In some lecture notes I have, the author derives the expectation value of the occupation numbers for a discrete system of fermions as follows:

Consider all states that have a certain energy $\varepsilon_s$. There shall be $a_s$ such states, and $n_s$ particles occupying these states. Then, the number of configurations in this energy level is $$ W_s = \frac{a_s!}{n_s!\left(a_s-n_s\right)!}$$

If one now considers all energy levels, the total number of possible states for the whole system is $$ W = \prod_s W_s $$ where $s$ enumerates the energy levels. (I think countably infinitely many levels should not be a problem, would they?)

Now, one can try and maximize the entropy $S=k\ln\left(W\right)$ under the constraints that the particle number is fixed, $N=\sum_s n_s$, as is the total energy, $E=\sum_s n_s\varepsilon_s$. Introducing the Lagrangian multipliers $\alpha$ and $\beta$ in $$ \Lambda := \frac{S}{k} - \alpha \left(\sum_s n_s - N\right) - \beta \left(\sum_s n_s \varepsilon_s - E\right) $$ one indeed finds an extremum for $\Lambda$ for $$ n_i = \frac{a_i}{1+\exp\left(\alpha+\beta\varepsilon_i\right)} $$ which is, up to a factor, the Fermi-Dirac statistic once the Lagrangian multipliers are identified to be $\alpha = - \frac{\mu}{k_B T}$ and $\beta=\frac{1}{k_B T}$.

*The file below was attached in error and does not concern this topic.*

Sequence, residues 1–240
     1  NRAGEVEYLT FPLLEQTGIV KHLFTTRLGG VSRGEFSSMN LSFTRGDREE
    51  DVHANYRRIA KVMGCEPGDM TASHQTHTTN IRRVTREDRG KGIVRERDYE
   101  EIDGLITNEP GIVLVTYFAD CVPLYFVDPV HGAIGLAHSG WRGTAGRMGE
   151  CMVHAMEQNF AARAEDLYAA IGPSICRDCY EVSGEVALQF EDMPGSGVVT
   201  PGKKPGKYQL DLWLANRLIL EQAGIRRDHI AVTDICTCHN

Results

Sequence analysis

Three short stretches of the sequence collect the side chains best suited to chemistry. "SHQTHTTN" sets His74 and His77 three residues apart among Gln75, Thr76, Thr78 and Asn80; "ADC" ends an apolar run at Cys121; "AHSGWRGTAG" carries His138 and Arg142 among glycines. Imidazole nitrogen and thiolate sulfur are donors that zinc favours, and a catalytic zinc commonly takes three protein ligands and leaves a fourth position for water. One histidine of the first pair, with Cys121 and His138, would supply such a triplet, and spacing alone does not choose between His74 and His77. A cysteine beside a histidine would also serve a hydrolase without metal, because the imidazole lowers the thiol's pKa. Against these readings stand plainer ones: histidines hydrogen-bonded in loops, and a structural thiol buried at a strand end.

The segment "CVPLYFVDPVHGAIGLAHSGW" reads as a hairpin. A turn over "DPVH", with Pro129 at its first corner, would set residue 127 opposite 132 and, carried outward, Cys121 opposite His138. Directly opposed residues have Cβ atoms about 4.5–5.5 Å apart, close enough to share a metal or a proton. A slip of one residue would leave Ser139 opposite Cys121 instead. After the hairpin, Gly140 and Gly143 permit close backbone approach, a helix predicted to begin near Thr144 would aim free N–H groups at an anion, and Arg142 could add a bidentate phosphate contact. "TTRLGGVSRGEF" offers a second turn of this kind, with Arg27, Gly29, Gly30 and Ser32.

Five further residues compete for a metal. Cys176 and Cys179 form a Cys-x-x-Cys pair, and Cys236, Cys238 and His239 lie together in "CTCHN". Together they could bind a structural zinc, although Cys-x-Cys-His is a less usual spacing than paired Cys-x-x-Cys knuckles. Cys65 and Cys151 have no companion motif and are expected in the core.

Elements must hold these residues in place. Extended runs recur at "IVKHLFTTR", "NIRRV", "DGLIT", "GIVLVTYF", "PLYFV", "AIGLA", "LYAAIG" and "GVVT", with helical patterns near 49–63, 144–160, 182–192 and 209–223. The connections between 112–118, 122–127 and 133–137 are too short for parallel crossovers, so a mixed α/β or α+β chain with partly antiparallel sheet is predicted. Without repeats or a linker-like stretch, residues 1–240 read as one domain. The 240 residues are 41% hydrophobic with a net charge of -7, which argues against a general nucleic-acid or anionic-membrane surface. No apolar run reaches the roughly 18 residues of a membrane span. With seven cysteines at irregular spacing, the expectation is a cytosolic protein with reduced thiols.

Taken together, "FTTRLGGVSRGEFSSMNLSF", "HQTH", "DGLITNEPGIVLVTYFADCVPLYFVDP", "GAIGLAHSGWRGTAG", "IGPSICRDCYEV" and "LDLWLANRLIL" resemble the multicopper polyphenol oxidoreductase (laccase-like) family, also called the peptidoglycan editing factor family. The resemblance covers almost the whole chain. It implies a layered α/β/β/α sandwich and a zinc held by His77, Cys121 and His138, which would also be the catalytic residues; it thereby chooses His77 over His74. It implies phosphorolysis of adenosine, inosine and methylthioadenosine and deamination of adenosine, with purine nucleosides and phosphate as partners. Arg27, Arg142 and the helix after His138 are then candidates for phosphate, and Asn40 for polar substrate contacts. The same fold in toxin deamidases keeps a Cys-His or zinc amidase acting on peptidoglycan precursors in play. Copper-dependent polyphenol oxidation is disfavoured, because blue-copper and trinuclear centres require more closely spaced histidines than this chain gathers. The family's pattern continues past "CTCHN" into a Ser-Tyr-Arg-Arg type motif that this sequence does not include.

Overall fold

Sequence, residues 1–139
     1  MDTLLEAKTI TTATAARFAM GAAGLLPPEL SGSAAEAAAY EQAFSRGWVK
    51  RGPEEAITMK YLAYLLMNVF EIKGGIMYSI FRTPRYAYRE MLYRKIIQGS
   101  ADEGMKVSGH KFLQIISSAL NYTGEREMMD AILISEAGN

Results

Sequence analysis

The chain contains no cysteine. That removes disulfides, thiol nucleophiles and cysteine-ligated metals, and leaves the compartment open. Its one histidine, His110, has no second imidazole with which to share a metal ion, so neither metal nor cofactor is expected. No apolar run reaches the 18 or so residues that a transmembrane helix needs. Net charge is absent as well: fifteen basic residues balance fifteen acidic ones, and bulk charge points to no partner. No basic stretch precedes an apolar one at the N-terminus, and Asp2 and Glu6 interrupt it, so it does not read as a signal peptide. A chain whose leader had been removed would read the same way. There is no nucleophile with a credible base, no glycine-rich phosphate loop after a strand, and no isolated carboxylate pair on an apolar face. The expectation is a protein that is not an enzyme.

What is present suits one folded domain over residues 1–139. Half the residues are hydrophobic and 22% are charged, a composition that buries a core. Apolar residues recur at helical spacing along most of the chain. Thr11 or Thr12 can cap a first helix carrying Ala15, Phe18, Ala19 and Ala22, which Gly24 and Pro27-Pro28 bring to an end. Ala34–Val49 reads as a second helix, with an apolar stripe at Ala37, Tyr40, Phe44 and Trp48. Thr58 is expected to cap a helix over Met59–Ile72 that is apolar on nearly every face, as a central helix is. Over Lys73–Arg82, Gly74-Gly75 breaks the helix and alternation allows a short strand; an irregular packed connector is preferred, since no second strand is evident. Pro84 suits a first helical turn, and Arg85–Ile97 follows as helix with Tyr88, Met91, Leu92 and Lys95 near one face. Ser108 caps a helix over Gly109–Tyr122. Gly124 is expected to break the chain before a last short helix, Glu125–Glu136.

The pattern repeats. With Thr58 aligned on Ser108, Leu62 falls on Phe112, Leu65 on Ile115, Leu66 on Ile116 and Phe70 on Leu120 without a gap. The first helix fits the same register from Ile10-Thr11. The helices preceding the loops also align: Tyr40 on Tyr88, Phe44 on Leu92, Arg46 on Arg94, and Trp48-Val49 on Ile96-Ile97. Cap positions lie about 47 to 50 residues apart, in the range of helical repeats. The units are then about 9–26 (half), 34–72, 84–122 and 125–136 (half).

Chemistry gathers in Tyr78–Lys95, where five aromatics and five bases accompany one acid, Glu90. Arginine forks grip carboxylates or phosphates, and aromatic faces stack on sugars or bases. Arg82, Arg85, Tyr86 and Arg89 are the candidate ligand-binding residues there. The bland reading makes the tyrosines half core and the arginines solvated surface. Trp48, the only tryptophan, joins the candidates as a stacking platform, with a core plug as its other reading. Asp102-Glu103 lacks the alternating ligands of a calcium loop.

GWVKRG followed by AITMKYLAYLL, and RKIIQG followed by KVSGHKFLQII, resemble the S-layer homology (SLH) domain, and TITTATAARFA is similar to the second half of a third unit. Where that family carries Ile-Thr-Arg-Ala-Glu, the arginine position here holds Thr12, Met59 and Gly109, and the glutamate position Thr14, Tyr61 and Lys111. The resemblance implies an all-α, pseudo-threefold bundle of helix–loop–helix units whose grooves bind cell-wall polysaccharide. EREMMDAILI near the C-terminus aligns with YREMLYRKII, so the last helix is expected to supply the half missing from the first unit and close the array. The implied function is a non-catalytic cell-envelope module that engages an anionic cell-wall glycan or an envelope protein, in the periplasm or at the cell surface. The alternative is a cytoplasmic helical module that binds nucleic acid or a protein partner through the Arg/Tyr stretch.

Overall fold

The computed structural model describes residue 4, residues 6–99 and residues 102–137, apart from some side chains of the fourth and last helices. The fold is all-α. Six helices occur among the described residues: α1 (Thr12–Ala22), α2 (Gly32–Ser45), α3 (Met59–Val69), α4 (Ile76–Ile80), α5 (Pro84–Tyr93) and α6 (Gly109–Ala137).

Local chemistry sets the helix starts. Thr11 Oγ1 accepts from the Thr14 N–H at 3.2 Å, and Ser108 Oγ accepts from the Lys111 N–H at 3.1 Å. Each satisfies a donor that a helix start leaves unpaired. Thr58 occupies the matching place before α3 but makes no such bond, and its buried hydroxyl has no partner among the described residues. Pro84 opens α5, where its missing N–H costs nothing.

Now, in a side remark, the lecture notes claim that, if one had assumed a classical system where $W = a_s^{n_s}$, one would have obtained Boltzmann statistics: $n_s = \exp\left(-\alpha-\beta \epsilon_s\right)$.

I assume that instead of $W$, the author meant to write $W_s$. From the form of $W_s$, I conclude that the system under consideration has discrete energy levels, and that the particles do not obey the Pauli principle and are distinguishable from one another. In these circumstances, $a_s^{n_s}$ seems to give the right number of configurations within the energy level $\epsilon_s$, the total number of configurations again being $W=\prod_s W_s$.

However, $S$ now is linear in the $n_s$, so that differentiation of the new $\Lambda$ with regard to some $n_i$ gives an expression independent of any of the $n_k$.

What went wrong? Why did the procedure seem to work in the first case, but not in this? Or did I make a (conceptual?) mistake somewhere along the line?

Any input would be greatly appreciated!

  • 1
    $\begingroup$ I think you are missing a $\frac{1}{n_s!}$ from the product (i.e. $W = \prod_s \frac{a^{n_s}}{n_s!}$). See e.g. this. $\endgroup$
    – alarge
    Feb 4, 2015 at 22:46
  • $\begingroup$ Thank you very much, @alarge! Deviating from what is said in the lecture notes and including a factor $\frac{1}{n_s!}$, i.e. assuming the particles are indistinguishable, I get what the author claimed, except that I get an additional factor of $a_i$, which intuitively seems to be correct: $n_i = a_i \exp\left(-\alpha-\beta\varepsilon_i\right)$. So I guess this is what the author originally intended. Can I somehow mark your comment as the accepted answer? $\endgroup$
    – RQM
    Feb 4, 2015 at 23:32

1 Answer 1


You are missing the term $\frac{1}{n_s!}$ from the product, i.e. $$W = \prod_s \frac{a^{n_s}}{n_s!}$$ from which the wanted result follows.

Obviously in a quantum sense classical particles are distinguishable, so the term does not immediately arise from indistinguishability per se. Rather, the reason the "extra" term appears is because we ought to be looking at the macroscopic realizations of the system, and it does not matter for the macroscopic state if we switch two particles, and it is in this sense that they are indeed indistinguishable.


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